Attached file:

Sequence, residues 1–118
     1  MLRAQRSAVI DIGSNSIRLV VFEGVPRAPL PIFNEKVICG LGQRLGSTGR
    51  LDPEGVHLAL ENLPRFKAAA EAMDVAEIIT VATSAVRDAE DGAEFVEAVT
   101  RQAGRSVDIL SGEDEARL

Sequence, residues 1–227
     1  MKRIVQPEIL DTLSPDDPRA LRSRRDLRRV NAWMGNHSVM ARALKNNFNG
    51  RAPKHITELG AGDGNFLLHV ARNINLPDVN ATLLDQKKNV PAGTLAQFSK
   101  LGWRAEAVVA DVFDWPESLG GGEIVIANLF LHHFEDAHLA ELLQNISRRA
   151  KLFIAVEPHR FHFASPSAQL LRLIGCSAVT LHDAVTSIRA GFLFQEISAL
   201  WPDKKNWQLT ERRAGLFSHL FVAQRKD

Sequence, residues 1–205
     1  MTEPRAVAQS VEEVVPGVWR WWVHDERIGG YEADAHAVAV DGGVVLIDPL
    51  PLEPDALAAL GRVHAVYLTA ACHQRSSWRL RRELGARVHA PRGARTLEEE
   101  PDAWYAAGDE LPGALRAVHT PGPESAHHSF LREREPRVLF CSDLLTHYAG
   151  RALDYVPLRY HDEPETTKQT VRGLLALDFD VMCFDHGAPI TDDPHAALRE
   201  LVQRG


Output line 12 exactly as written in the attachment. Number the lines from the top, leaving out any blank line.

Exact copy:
     1  MTEPRAVAQS VEEVVPGVWR WWVHDERIGG YEADAHAVAV DGGVVLIDPL